TDT09 – System and Runtime Software Interaction with Modern Hardware (Autumn/høst 2021)

Common material - relevant for all participants


Learning Activities

This course will be seminar-based. The syllabus will be a selected set of scientific articles. Students are required to read the articles in advance. For each seminar session, one or two students will prepare and present a short presentation as well as prepare a set of questions for the discussions.


The idea behind this year's version of TDT09 is to understand the evolution of the Unix system over the last decades that led to current OS features as well as to investigate future possible features. Each of this features is illustrated by a relevant paper introducing the new idea/feature.

Your task is to understand the ideas behind the respective paper for one of the given topics. I want you to develop an idea of how the implementation of this respective feature into a relatively simple Unix-like system could take place and which changes to the system the implementation of the feature requires.

Your investigation is to be based on the xv6 educational OS from MIT. This OS exists in a number of versions (I have not tested the Raspberry Pi versions myself):

You should be able to run at least the x86 and RISC-V versions of xv6 in the qemu emulator (configurations qemu-system-xv6 and qemu-system-riscv64). A course with details on xv6 (though still the x86 version) can be found in lectures 21-32 of Mythili Vutukuru's OS course at IITB.


  1. A paper (about 10-15 pages) describing the feature and the results of your investigation of a possible implementation in xv6, ideally including a description of your implementation approach
  2. A presentation video (about 15-20 minutes) including a set of slides as a PDF file



If you have an idea for an interesting, research-related topic in operating systems and runtimes you would like to work on, please contact me – I'm happy to hear about your ideas!

You can, of course, also choose from these topics:

  1. New approaches to system calls: Livio Soares and Michael Stumm, FlexSC: Flexible System Call Scheduling with Exception-Less System Calls, Proceedings of OSDI 2010.
  2. Tickless scheduling: Dan Tsafir, Yoav Etsion, Dror Feitelson, General-Purpose Timing: The Failure of Periodic Timers, Technical Report, School of Computer Science and Engineering, The Hebrew University, 2005.
  3. Single address-space OS: Gernot Heiser, Kevin Elphinstone, Jerry Vochteloo, Stephen Russell, and Jochen Liedtke, The Mungi single-address-space operating system, Softw.: Pract. & Exp., 28(9):901-928, Jul 1998.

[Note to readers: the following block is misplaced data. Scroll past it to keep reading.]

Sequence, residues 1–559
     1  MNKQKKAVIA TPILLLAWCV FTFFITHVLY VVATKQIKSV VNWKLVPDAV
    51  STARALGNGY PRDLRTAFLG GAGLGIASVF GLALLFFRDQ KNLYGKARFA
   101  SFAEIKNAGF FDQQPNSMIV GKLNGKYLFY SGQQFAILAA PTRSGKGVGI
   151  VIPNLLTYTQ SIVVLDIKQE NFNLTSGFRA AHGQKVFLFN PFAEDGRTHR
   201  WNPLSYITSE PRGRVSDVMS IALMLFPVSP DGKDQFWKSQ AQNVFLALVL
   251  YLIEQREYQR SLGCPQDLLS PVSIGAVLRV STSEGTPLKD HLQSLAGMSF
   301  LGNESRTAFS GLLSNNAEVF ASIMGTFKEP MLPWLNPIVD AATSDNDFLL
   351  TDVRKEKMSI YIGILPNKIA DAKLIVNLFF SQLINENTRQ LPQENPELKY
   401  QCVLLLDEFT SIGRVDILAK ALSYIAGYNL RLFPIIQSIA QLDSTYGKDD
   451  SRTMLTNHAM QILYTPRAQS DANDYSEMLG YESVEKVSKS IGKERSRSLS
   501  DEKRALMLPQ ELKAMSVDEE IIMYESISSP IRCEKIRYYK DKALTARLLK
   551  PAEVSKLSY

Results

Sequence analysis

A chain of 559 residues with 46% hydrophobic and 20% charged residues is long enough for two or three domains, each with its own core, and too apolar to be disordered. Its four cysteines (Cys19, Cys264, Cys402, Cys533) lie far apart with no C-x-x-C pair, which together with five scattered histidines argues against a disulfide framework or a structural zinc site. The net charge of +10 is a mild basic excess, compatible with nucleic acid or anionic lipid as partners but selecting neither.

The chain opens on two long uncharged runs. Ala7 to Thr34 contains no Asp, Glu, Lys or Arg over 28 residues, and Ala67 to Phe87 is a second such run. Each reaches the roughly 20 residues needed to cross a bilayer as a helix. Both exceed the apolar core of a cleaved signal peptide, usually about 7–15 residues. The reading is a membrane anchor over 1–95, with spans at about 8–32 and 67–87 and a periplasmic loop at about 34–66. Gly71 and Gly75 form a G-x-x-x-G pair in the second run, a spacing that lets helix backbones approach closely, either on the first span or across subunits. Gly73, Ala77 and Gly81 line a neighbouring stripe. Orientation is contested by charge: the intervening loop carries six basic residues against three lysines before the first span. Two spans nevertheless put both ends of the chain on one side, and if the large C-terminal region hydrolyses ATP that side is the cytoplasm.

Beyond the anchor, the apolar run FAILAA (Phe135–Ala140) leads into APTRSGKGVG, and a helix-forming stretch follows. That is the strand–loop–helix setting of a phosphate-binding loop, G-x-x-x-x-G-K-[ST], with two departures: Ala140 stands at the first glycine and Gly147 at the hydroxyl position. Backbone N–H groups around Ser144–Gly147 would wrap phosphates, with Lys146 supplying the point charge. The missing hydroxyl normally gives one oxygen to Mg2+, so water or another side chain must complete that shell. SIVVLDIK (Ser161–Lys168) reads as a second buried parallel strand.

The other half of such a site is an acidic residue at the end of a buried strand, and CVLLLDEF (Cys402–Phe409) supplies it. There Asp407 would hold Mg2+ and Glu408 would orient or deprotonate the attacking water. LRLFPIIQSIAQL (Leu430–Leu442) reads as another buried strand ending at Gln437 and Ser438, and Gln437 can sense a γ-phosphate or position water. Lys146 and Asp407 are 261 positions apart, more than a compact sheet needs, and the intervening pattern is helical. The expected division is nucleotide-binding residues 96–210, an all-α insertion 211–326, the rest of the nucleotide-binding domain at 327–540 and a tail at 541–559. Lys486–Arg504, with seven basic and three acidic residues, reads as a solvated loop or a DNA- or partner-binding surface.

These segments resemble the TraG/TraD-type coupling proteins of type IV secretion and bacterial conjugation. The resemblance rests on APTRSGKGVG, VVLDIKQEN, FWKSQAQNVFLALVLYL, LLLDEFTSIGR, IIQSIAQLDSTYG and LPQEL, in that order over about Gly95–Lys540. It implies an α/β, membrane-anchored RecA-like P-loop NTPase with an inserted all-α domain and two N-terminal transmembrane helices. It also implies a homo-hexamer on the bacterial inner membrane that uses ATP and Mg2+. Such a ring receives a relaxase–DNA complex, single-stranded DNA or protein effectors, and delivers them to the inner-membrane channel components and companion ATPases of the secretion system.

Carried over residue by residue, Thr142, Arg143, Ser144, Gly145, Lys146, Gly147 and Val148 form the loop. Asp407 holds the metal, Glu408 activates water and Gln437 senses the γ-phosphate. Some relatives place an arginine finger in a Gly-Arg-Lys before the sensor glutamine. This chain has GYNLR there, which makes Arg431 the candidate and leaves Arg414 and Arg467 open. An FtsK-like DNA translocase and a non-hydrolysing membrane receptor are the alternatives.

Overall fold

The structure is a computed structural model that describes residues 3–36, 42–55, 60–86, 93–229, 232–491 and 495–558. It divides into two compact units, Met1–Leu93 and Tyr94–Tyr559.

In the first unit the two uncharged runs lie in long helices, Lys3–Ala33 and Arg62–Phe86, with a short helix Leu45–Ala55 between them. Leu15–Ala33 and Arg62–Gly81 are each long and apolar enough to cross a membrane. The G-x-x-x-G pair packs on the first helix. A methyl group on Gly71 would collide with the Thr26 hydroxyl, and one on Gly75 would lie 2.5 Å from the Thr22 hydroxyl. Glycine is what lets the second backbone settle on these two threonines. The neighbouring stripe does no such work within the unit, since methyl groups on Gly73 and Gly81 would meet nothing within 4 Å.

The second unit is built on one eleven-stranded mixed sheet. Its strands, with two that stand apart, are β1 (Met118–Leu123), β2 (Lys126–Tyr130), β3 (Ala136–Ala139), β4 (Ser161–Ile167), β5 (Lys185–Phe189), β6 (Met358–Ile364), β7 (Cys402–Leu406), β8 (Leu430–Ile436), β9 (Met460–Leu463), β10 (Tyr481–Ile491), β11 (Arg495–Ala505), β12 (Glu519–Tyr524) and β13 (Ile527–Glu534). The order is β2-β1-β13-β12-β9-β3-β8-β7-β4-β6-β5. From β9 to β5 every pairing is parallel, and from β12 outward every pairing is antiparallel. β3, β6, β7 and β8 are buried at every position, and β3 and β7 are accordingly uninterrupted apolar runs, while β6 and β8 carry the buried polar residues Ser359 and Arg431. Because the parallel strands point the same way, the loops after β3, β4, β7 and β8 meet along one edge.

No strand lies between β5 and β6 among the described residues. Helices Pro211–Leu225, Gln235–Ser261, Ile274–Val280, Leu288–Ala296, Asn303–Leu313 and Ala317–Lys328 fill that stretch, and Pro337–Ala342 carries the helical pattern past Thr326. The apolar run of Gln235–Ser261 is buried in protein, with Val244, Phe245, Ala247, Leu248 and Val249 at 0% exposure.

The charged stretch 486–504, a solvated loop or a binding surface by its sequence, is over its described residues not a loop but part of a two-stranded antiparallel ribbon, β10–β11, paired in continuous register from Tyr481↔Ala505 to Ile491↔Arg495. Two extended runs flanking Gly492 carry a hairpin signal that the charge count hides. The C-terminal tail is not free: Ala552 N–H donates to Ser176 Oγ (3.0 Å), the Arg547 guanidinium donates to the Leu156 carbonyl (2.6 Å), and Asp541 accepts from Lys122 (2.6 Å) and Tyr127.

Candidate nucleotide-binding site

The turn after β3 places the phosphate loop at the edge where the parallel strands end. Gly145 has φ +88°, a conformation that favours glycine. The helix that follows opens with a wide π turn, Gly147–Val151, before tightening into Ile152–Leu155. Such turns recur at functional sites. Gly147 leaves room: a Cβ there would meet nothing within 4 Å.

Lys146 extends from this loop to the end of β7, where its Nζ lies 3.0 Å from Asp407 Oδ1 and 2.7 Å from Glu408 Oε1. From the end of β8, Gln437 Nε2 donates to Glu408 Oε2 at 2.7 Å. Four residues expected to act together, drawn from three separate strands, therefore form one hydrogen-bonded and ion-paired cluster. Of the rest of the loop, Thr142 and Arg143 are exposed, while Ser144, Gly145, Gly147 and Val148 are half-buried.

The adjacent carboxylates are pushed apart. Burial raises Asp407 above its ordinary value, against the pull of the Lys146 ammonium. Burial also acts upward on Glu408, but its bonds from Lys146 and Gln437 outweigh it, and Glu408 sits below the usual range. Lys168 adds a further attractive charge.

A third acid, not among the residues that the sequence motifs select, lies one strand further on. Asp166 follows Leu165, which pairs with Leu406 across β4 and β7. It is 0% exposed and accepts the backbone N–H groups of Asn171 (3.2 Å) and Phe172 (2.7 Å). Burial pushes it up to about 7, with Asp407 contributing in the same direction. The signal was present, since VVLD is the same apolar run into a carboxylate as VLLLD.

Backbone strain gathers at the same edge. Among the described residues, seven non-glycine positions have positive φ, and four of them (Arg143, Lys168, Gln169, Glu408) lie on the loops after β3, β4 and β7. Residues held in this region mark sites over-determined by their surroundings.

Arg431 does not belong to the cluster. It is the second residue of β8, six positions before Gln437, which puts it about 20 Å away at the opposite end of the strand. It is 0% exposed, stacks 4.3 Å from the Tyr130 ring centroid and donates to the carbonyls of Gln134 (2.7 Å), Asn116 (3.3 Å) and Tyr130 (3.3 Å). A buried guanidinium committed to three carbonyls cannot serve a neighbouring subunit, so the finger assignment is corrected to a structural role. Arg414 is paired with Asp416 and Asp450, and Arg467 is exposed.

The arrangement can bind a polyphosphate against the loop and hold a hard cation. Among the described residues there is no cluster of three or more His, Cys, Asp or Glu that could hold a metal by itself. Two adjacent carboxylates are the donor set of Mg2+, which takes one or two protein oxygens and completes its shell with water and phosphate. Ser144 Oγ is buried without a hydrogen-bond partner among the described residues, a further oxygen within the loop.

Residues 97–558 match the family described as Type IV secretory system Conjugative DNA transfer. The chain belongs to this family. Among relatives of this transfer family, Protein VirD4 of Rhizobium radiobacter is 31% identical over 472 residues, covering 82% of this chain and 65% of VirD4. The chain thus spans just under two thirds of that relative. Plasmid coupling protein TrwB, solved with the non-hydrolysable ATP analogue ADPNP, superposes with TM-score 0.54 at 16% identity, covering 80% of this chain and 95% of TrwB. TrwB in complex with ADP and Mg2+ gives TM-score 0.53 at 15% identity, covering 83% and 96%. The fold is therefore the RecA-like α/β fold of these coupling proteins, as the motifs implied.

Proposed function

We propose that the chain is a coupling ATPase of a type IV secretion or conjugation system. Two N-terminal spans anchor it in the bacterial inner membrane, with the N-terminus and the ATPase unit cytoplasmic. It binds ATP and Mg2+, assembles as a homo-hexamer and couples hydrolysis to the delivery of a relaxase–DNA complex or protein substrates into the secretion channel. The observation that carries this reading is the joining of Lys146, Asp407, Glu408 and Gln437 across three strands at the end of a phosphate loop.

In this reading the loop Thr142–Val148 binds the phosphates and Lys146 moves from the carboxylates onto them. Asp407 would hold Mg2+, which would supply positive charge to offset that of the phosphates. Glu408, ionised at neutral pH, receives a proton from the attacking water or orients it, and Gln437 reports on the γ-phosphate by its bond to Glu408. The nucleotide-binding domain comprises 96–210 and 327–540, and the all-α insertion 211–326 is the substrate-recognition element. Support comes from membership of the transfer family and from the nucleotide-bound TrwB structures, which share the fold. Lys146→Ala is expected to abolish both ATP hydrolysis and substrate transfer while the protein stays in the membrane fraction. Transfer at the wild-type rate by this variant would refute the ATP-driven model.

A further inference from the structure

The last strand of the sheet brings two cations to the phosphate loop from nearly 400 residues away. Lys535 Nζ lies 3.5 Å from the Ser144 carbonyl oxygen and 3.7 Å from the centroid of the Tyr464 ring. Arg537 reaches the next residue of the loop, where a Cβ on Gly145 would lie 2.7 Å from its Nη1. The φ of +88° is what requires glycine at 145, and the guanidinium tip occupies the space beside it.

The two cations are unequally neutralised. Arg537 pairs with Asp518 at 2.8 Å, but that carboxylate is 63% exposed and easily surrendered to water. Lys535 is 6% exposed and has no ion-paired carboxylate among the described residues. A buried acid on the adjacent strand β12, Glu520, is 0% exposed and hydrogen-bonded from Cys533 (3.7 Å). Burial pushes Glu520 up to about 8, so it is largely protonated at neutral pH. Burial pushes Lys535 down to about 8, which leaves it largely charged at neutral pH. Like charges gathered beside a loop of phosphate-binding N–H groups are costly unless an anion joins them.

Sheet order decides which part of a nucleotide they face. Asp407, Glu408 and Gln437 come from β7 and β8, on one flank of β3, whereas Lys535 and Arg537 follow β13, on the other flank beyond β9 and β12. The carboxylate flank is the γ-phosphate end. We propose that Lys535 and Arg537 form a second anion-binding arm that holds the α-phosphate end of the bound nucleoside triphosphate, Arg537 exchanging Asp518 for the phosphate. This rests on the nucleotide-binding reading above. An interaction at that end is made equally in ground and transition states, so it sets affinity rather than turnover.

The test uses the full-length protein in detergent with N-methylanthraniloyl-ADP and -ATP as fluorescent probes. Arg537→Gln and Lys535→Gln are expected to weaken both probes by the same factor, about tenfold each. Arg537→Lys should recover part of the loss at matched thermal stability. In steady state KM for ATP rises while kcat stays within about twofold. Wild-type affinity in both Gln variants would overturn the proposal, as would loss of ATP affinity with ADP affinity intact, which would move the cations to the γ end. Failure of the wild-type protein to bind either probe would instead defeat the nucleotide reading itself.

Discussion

4. Capabilities: Fabry, R. S., Capability-based addressing, Communications of the ACM. 17 (7): 403–412.
  5. Redundant multithreading: Björn Döbel, Hermann Härtig, Michael Engel, Operating system support for redundant multithreading, Proceedings of the tenth ACM international conference on Embedded software, 2012.
  6. Memory error handling: Horst Schirmeier, Jens Neuhalfen, Ingo Korb, Olaf Spinczyk, Michael Engel, RAMpage: Graceful degradation management for memory errors in commodity linux servers, 17th Pacific Rim International Symposium on Dependable Computing, 2011.
  7. Lazy Process Switching: Jochen Liedtke, Horst Wenke, Lazy Process Switching, Proceedings of HotOS 8, 2001.
  8. Slim Binaries: Michael Franz, Thomas Kistler, Slim Binaries, Communications of the ACM, 1997, Vol. 40, no. 12.
  9. Log-structured File Systems: John K. Ousterhout, Mendel Rosenblum, The Design and Implementation of a Log-Structured File System, ACM Transactions on Computer Systems, Volume 10 Issue 1, 1992.
  10. Tracing: Bryan M. Cantrill, Michael W. Shapiro and Adam H. Leventhal, Dynamic Instrumentation of Production Systems, Proceedings of USENIX 2004.
  11. Checkpointing and Migration: Yi-Min Wang, Yennun Huang, Kiem-Phong Vo, Pi-Yu Chung and Chandra Kintala, Checkpointing and Its Applications, Proc. IEEE Fault-Tolerant Computing Symp. (FTCS-25), 1995.
  12. Processes as Files: Roger Faulkner, Ron Gomes, The Process File System and Process Model in UNIX System V, Proceedings of USENIX, Winter 1991.
  13. Virtualization: David Golub, Randall Dean, Alessandro Forin, Richard Rashid, Unix as an Application Program, Proceedings of USENIX, Summer 1991.
  14. Kernel Optimization: Calton Pu, Henry Massalin and John Ioannidis, The Synthesis Kernel, Proceedings of USENIX 1998.

Slide and Report Templates